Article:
Our presidential elections elicit bold ideas designed to capture the imagination of the American people. In that spirit, Matthew Yglesias, the founder of Vox, has written a new book, “One Billion Americans: The Case for Thinking Bigger,” which proposes that America triple its population.
At a time when large numbers of Americans are beginning to wonder whether the forces unleashed by climate change will force them to move someday, the idea of adding another 670 million people to the U.S. population hardly seems advisable.
If, as many now fear, climate change is accelerating, millions of Americans could be uprooted. According to new data from the Rhodium Group analyzed by ProPublica and the New York Times, climate change could lead to “massive upheavals in where Americans currently live and grow food.” Large sections of America, including the South, the West, and the Mississippi River valley, could be severely impacted by extreme temperatures or humidity, and rising seas could force significant migration from coastal areas.
So why triple our population? Yglesias says we must ward off “the end of American hegemony.” He says we “should aspire to be the greatest nation on earth” because the People’s Republic of China, is “not something cuddly like a hypothetical version of the European Union.”
Yglesias says the key to maintaining American greatness is preserving our status as the world’s largest economy. America was great long before we seized that title, and even if China’s economy soon surpasses ours in terms of absolute size, our average per capita income will, for decades to come, exceed China’s.
He argues that “America’s vast rural hinterland and many of its aging northeastern and Midwestern cities need an influx of people.” That’s silly. What they need is a viable economic base. Adding more people will not magically create jobs or the resources needed to sustain them.
Yglesias acknowledges that tripling America’s population could “cause a number of problems,” but he insists it would give us a “shared sense of purpose.” He also admits his rationale may “sound a little loopy.”
Things are not always as they sound, but this one is. We have no shortage of critical challenges. Aggravating them by adding another 670 million people is a loopy idea.
In a world threatened by climatic changes and environmental devastation, we don’t need to think bigger. World population is rapidly approaching the 8 billion mark, and by mid-century it will be nearing 10 billion.
Humanity is in danger of overwhelming the planet. We are, with astonishing speed, rapidly destroying or despoiling the forests, wetlands, rivers, lakes and oceans that sustain 7 million plant and animal species. Scientists are warning that our destruction of their habitats is triggering a mass extinction of animal species, the greatest since the dinosaurs were destroyed 67 million years ago.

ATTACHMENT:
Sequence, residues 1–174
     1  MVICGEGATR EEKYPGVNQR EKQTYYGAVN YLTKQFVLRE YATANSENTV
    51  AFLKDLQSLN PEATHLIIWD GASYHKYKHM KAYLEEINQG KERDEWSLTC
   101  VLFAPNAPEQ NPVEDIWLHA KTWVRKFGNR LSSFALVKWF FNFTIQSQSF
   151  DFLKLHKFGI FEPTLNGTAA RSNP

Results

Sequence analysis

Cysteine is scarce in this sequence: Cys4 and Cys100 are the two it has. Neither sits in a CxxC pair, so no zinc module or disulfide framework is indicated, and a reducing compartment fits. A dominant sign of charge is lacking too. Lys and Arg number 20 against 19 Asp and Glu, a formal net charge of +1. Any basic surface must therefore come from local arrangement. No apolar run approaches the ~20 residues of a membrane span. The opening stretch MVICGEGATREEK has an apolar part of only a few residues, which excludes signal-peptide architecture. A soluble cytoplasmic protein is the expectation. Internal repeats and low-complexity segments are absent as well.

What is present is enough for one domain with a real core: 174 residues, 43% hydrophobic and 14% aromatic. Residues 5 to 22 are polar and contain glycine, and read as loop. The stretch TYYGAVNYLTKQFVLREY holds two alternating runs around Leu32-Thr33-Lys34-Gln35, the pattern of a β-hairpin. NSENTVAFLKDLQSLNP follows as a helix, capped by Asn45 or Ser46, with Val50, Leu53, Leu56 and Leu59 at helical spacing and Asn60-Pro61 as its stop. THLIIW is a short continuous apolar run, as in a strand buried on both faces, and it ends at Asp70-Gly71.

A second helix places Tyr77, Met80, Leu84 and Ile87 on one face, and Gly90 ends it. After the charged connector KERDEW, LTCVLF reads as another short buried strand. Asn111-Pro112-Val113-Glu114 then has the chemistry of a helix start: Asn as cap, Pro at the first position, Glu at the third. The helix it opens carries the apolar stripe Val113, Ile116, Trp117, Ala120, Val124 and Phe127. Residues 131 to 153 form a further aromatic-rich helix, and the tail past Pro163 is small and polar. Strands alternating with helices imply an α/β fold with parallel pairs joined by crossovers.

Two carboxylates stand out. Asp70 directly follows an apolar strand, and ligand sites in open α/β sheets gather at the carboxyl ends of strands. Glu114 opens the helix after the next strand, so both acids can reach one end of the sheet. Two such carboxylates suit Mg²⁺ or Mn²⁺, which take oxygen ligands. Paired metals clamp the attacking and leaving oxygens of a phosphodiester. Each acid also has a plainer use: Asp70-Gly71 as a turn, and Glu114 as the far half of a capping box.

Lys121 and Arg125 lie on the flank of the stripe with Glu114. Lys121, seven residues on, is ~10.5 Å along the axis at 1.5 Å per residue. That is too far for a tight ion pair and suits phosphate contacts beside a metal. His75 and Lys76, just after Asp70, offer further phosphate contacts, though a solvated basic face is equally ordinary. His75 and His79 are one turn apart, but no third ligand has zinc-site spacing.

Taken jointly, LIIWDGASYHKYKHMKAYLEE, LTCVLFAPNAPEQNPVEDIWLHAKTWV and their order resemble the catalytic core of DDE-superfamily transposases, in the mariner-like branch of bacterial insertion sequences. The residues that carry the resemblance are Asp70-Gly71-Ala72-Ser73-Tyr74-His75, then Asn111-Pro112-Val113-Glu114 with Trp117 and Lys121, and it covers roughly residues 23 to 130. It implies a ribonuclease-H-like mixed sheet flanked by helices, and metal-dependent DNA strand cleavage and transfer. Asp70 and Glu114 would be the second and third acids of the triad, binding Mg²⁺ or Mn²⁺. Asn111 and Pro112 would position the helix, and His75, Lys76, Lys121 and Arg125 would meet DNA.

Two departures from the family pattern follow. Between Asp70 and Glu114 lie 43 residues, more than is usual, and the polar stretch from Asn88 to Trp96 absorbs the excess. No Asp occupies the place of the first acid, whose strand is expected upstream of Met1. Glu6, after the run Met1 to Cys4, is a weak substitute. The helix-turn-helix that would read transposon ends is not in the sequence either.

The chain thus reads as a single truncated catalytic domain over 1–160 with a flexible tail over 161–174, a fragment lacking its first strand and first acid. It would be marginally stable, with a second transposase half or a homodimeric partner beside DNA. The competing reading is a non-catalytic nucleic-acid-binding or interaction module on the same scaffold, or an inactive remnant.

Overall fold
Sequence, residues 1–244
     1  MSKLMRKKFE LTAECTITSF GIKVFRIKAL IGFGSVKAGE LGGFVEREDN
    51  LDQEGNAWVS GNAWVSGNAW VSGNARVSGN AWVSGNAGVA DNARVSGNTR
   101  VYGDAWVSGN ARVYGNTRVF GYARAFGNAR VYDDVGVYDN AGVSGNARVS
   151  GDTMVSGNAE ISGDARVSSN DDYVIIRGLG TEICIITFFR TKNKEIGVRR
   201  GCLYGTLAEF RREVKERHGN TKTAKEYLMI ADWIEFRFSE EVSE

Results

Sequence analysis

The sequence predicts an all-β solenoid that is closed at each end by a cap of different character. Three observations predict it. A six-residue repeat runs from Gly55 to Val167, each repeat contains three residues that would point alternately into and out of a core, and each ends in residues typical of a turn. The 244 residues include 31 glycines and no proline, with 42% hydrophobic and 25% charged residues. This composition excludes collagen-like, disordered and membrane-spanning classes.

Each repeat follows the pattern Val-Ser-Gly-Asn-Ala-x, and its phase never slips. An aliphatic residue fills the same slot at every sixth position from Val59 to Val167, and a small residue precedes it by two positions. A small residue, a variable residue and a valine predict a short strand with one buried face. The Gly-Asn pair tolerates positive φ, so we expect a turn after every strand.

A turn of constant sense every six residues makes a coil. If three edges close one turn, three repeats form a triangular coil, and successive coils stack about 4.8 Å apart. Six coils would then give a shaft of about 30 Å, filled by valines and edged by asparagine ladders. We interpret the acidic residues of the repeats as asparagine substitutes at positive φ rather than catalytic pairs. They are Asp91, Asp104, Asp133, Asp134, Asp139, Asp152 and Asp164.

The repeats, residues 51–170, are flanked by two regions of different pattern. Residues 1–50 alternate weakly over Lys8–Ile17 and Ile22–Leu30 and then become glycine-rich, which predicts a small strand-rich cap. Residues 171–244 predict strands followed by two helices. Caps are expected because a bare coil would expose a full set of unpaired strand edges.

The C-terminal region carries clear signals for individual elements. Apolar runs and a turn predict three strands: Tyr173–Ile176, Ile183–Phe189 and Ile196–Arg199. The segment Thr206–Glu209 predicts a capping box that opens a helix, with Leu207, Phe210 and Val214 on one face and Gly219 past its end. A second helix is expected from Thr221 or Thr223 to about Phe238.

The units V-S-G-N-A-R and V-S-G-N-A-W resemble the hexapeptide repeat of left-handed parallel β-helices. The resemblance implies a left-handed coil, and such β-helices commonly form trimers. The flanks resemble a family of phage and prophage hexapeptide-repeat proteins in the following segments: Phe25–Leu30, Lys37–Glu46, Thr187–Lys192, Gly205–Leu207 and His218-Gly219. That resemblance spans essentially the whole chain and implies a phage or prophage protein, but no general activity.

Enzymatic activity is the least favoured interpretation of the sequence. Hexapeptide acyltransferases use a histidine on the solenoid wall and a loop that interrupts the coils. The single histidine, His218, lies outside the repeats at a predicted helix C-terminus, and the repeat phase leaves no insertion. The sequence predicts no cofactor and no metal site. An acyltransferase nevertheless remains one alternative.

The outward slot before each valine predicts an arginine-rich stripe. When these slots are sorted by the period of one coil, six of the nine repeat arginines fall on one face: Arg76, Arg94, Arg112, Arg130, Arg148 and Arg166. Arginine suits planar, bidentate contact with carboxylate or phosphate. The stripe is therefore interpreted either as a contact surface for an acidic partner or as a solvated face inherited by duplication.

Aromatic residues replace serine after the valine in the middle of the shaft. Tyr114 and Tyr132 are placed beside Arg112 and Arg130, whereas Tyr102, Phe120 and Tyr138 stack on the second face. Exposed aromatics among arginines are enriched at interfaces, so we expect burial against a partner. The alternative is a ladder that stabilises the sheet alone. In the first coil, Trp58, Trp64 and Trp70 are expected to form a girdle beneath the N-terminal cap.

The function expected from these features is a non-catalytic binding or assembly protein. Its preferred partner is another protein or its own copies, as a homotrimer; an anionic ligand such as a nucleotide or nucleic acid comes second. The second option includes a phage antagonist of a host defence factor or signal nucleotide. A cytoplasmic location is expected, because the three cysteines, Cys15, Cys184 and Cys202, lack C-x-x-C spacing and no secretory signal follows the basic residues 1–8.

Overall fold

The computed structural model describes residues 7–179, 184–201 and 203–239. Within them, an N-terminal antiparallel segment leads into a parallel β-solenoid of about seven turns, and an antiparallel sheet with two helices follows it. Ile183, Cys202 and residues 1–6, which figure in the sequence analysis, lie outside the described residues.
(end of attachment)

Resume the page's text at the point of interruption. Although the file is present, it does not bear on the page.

As Americans, we urgently need to curb our greenhouse gas emissions, not expand them. An estimated 45 percent of pregnancies in America are unintended. We should do more to prevent unwanted pregnancies. Instead, we are weakening our commitment to family planning, at home and abroad, and discouraging comprehensive sex education from being taught in our schools.
Calls to realize America’s greatness should be viewed skeptically. America has been great for a very long time. And, if we are good stewards of our success, America will remain the world’s preeminent power for generations to come.
Our greatness has been founded on our commitments to democratic principles, human rights, and economic opportunity for all. We have not always lived up to our high ideals, but whenever we have done so, we’ve become stronger for it.
Our greatness has never been predicated on population size or density. When the thirteen colonies joined together, we were only a few million strong, far less than one percent of the world’s population. Even today, with nearly 330 million Americans, we are less than five percent of the total.
When our nation was founded, we were blessed with a bounty of natural resources and, as we expanded westward, displacing an already decimated Native American population, we acquired even more land, water, metals, and minerals to fuel the growth of the American economy.
America’s resource base is not yet exhausted, but it is not limitless. In many parts of the country, water scarcity is destroying farms and the viability of rural communities, while exhaustion of mines is creating ghost towns.
If we need a new sense of purpose, let’s find it by creating economic opportunity for all those Americans who are excluded from living the American dream. Let’s improve education, boost our support for science, and create jobs by investing far more in conservation and renewable energy.
We don’t need to think bigger. We need to think smaller and smarter.
Robert Walker is the president of the Population Institute, a Washington-based nonprofit promoting family planning and the reproductive health of women at home and abroad. He directs the organization’s advocacy and public education activities, including its work on issues related to health, economic development, sustainability and the environment. He is author of the report “Demographic Vulnerability: Where Population Growth Poses the Greatest Challenges.” Mr. Walker worked 14 years on Capitol Hill, including five as legislative aide to Rep. John B. Anderson (R-Ill.) and six as legislative director for Rep. Mo Udall (D-Ariz.).